On Monday, President Obama took the oath of office and delivered his second inaugural address. Many expected an optimistic, bipartisan appeal, similar to his speech in 2008. Instead, he came out of his corner swinging, directly addressing a number of progressive goals. He became the first president to mention gay Americans in an inaugural address, he defended the social safety net, and, to the surprise of many (including me) he devoted seven whole sentences to climate change.
"We will respond to the threat of climate change, knowing that the failure to do so would betray our children and future generations. Some may still deny the overwhelming judgment of science, but none can avoid the devastating impact of raging fires, and crippling drought, and more powerful storms. The path towards sustainable energy sources will be long and sometimes difficult. But America cannot resist this transition; we must lead it. We cannot cede to other nations the technology that will power new jobs and new industries – we must claim its promise. That is how we will maintain our economic vitality and our national treasure – our forests and waterways; our croplands and snowcapped peaks. That is how we will preserve our planet, commanded to our care by God."
Now, as this was an inaugural address, it was pretty slim on actual policy proposals. Spokesman Jay Carney was quick to tamp down excitement on Tuesday, noting that climate change was not a "singular priority" of the administration, and a carbon tax was not in the works. Carbon taxation has become a toxic political topic, derided by the right as an economy-killer and feared by the left because of its regressive nature. Despite popular perception that such a tax is the product of spendthrift, regulation-loving liberals, carbon taxation was actually the brainchild of Republicans, which suggests at least some basis for negotiated common ground.
But truly combatting climate change, as the president suggested, is a lot more complicated than pricing carbon. Superstorm Sandy, and Katrina before her, highlighted glaring problems with our emergency readiness, flood control systems, seawalls, underground transportation networks, and electrical infrastructure. Alternative energy sources need to be designed, tested, and implemented.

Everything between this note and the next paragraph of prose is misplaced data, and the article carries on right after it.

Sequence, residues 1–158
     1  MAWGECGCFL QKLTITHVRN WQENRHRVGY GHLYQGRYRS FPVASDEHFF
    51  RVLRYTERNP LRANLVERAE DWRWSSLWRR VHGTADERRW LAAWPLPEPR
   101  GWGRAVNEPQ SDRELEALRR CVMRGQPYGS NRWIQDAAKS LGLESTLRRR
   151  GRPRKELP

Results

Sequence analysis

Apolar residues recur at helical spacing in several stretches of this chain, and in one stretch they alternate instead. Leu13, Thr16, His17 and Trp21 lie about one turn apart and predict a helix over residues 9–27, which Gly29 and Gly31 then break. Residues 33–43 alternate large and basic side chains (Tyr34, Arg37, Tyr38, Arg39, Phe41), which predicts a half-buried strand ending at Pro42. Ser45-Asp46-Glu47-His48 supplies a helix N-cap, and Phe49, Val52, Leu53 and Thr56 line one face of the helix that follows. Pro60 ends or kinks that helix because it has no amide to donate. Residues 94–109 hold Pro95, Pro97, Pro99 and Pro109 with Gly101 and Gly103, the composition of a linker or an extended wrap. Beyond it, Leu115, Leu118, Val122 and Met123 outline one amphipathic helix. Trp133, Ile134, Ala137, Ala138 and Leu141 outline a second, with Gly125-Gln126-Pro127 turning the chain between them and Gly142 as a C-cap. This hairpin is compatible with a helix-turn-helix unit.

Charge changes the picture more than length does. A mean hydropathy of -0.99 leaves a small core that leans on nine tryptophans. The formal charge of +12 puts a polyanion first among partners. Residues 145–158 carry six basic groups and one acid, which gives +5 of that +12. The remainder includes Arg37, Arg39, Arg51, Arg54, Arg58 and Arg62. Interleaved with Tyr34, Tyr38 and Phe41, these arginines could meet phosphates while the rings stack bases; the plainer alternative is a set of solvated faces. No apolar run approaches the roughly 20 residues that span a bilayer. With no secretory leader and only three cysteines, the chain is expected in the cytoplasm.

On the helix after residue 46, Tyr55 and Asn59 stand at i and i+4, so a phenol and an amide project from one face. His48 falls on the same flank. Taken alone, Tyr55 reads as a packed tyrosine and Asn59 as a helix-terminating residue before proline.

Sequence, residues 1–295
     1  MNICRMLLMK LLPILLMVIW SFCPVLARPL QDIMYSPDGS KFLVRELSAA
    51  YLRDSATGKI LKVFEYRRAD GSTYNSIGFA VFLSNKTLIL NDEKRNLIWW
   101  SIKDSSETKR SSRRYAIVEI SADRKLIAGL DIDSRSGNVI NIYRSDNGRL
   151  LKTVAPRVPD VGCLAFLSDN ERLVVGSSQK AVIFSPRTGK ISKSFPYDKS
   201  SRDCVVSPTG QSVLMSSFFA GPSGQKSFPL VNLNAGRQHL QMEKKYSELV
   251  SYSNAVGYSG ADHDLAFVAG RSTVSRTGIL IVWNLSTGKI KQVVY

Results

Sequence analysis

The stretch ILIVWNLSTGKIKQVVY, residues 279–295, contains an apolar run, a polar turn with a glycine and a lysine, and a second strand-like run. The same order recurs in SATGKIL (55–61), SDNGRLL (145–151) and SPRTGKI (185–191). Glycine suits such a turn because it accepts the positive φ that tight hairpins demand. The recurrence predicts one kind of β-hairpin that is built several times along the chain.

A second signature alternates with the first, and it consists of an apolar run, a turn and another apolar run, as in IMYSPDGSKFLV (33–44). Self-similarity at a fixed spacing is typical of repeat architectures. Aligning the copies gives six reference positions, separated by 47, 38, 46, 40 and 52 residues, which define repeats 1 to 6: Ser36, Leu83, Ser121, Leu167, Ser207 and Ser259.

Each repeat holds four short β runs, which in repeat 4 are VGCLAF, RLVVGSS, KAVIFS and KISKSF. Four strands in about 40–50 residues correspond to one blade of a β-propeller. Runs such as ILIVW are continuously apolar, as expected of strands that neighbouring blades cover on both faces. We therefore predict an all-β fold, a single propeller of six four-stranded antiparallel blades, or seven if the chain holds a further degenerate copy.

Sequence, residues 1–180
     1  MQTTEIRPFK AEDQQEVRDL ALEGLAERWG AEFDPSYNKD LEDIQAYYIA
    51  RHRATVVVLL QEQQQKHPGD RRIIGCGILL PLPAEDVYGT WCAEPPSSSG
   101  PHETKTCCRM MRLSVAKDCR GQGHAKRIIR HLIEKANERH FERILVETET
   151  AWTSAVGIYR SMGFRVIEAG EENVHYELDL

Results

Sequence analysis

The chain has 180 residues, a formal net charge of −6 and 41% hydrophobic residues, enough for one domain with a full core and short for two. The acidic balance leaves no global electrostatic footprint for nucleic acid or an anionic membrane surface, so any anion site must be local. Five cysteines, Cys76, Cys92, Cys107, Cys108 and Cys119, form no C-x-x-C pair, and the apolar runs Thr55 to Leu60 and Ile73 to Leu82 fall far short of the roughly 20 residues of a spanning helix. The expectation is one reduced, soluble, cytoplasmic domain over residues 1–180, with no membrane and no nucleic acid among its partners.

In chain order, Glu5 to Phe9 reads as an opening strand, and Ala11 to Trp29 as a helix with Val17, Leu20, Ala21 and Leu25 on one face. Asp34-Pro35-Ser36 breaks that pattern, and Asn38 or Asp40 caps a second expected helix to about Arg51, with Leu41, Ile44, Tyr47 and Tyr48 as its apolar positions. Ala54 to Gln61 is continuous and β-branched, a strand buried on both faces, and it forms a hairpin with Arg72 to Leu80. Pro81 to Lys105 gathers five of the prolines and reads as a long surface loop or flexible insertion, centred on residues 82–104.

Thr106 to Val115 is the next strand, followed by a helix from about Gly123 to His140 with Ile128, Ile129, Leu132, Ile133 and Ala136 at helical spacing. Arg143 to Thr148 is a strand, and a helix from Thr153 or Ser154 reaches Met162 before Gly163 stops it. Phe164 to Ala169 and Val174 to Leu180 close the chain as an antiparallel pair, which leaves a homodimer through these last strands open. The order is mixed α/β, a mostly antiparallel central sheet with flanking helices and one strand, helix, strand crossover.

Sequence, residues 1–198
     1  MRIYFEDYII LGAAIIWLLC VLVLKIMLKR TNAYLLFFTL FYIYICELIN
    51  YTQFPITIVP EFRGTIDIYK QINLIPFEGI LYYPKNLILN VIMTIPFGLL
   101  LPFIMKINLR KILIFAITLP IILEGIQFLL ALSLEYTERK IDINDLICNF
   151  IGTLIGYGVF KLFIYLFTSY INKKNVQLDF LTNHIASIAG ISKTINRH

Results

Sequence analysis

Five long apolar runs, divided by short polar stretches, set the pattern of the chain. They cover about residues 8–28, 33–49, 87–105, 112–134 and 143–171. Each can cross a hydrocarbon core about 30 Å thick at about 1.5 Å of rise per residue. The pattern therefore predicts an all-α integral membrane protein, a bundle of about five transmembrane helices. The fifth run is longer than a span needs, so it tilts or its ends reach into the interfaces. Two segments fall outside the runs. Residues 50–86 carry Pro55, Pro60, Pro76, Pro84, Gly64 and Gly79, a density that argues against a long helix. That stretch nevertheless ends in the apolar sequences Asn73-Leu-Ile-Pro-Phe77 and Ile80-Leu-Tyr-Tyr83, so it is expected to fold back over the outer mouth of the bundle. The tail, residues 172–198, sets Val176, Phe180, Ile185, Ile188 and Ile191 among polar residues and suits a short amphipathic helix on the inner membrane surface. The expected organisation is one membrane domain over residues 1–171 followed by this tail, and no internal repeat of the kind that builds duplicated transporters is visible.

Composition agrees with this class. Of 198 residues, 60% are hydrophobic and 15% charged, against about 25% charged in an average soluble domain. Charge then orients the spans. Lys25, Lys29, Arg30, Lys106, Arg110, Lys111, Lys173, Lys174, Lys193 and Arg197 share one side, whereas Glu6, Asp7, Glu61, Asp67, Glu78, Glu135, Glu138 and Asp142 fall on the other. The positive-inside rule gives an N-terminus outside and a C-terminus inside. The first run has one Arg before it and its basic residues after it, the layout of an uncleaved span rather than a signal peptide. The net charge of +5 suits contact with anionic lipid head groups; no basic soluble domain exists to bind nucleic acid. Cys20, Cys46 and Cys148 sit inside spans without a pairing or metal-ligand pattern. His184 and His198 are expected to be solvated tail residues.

Carbon capture systems need to be scaled to a point where they can make a difference. Heavy transportation -- railroads, ships, and trucks -- need to become more logistically intelligent and energy efficient. Emergency housing needs to be built.
Design Observer's Nancy Levinson recently published an article arguing for a robust government role in addressing these challenges. I agree. In 1933, it took Congress four months to sign a law and mobilize a quarter-million young men into an economic stimulus program, the Civilian Conservation Corps. The CCC undertook projects in ten categories, mostly focused on erosion control, wildfire suppression, road building, and tree planting.
Four months. Today, it takes Congress longer than that to decide what it wants for lunch. The CCC lives on, in a neutered form, as AmeriCorps, which provides young, service-minded folks an opportunity to work for a local non-profit for up to two years. In exchange, they receive a couple grand in college loan forgiveness and a stipend so small it is supplemented with food stamps.
Start with a rebranding: the Climate Change Corps. Follow up with a commitment to hire the same amount of people originally employed in the thirties -- capped at 300,000 at any one time, or one percent of the population. Pay folks a living wage, offer health insurance, and give meaningful college loan forgiveness, up to $50,000. Divide this new labor pool into four divisions: Infrastructure, Engineering, Architecture, and Conservation.
Infrastructure can get started on modernizing our electrical grid, building high-speed rail, and making our transportation systems resilient in the face of super storms. Engineering can begin the long process of flood control, wetland design, and biofuel production. Architecture can design and build emergency shelters, green low-income housing, stilted buildings, and renovate federal facilites to the latest energy efficiency standards. Conservation can weatherize homes, deconstruct abandon buildings for material salvage, start urban farms, and plant trees.
Stimulus has become a dirty word, turned into an epithet by conservatives eager to discredit government's role in averting economic disaster in 2008. But, almost five years out, data is slowly emerging that proves the stimulus may have worked much better than anyone expected. That said, a big new government program cannot go unfunded. Since a carbon tax is too far-reaching to be politically palatable right now, how about a small increase to the federal gas tax? Americans consume 367 million gallons of gasoline per day.
Currently, federal excise tax is 18.4 cents per gallon. Round it up to an even 20. That's $214 million a year, with the added benefit of curbing consumption a touch. That pot of money will cover payroll, Medicare could enroll employees for healthcare, and money for construction could be raised through local bond issues or other federal agencies.
This is our world war, our moon shot, our fight. It's about time we did something big.